Full-time office work is “over”

Airbnb boss Brian Chesky is doubling down on his view that traditional full-time office jobs are an outdated notion – arguing in a recent interview that on-site work is “from a pre-digital era” that no longer makes sense for many career paths.

Chesky’s remarks came just days after Airbnb informed its current employees that they could work remotely indefinitely – a move likely to attract and retain talent in a historically tight job market that has led many companies to increase their incentives.

“I think the office as we know it is finished. It’s kind of like an anachronistic form,” Chesky said in an interview with Time Leadership Brief magazine. “If the office didn’t exist, I like to ask, would we invent it? And if we invented it, what would it be used for?

“Obviously people are still going to go to hospitals and work, people are still going to go to cafes and work – those spaces just make sense. But I think for someone whose work is on a laptop, the question is, well, what good is a desk? ” he added.

Airbnb CEO Brian Chesky said hybrid schedules are “not super sustainable.”
Getty Images for Vox Media

Chesky has also taken aim at companies that have adopted hybrid schedules as part of their “back to the office” plans after many companies went completely remote during the COVID-19 pandemic.

The Airbnb chief argued that some companies “don’t realize that this two, three day a week thing isn’t super sustainable.”

He added that the offices will continue to exist as “collaborative spaces”. He also noted that virtual meetings have “limitations” in hampering efforts to build community.

“I’m not trying to paint a rosy picture of the future; there will be a lot to work on. All I’m saying is you can’t fight the future, we can’t try to keep 2019 more than 1950. We have to move on,” he said.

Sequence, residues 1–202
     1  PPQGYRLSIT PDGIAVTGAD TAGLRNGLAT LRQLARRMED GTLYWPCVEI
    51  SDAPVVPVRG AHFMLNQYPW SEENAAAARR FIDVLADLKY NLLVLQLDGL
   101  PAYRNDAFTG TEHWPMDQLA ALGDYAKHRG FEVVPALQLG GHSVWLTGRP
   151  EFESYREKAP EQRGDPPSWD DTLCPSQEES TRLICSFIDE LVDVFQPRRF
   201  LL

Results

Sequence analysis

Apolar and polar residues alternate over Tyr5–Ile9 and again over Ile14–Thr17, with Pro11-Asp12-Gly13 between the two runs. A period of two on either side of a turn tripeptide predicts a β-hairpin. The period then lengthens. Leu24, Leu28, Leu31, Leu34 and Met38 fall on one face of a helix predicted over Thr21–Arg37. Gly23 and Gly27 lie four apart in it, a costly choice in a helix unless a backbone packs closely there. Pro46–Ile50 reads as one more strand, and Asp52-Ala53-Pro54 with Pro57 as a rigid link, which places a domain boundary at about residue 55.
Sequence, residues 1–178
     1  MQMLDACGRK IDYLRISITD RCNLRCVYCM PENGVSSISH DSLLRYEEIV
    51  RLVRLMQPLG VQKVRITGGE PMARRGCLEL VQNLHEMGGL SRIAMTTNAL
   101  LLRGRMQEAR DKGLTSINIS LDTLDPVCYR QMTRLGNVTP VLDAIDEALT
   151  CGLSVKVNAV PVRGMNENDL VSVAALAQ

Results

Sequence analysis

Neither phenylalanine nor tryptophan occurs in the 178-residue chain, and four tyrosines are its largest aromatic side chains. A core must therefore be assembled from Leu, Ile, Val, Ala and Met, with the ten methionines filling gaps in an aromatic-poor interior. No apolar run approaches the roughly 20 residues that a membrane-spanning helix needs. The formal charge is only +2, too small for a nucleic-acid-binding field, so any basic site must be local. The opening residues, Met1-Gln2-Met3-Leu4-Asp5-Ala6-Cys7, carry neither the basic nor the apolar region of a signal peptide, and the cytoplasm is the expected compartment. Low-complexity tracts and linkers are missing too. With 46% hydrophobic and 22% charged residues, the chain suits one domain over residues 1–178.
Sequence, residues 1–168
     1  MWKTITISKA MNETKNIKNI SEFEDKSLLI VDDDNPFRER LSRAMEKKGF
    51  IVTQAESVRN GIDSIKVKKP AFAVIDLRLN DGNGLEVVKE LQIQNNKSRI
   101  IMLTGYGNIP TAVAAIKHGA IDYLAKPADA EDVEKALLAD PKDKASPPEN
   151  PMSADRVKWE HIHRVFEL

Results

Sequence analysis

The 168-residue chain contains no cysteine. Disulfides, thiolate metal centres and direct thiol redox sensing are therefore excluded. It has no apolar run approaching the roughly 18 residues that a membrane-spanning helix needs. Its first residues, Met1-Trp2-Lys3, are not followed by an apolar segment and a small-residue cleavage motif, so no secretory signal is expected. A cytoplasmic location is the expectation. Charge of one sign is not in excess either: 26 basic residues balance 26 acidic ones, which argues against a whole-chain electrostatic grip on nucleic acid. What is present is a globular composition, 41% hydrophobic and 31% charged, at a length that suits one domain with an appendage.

Airbnb office
Airbnb allows its employees to work remotely from anywhere without having to take a pay cut.
Reuters
Airbnb office
Chesky says on-site work is “from a pre-digital era” that no longer makes sense for many careers.
Getty Images for WIRED25

Chesky has personally adopted a similar schedule – revealing earlier this year that he would work in a different city every two weeks.

Last month, Airbnb announced that its employees would be allowed to live and work anywhere in the country without having to take location-based pay cuts. The company’s plan also allows workers to live overseas for part of the year and includes regular team meetings and in-person meetings.

The national unemployment rate is below 4%, forcing fierce competition between companies to attract and retain the best workers through higher wages and other benefits.

A record 4.54 million American workers quit their jobs in March in a trend known as “the great resignation”.

With Airbnb only days away from its fully remote experience, some mainstream companies have faced resistance from their employees while pushing to return to the office.

For example, Goldman Sachs CEO David Solomon recently noted that the bank had surpassed 50% on-site attendance – although some of the bank’s junior bankers have openly complained that managers were monitoring their attendance all the time. continuing to return five days a week.

Jose C. Birney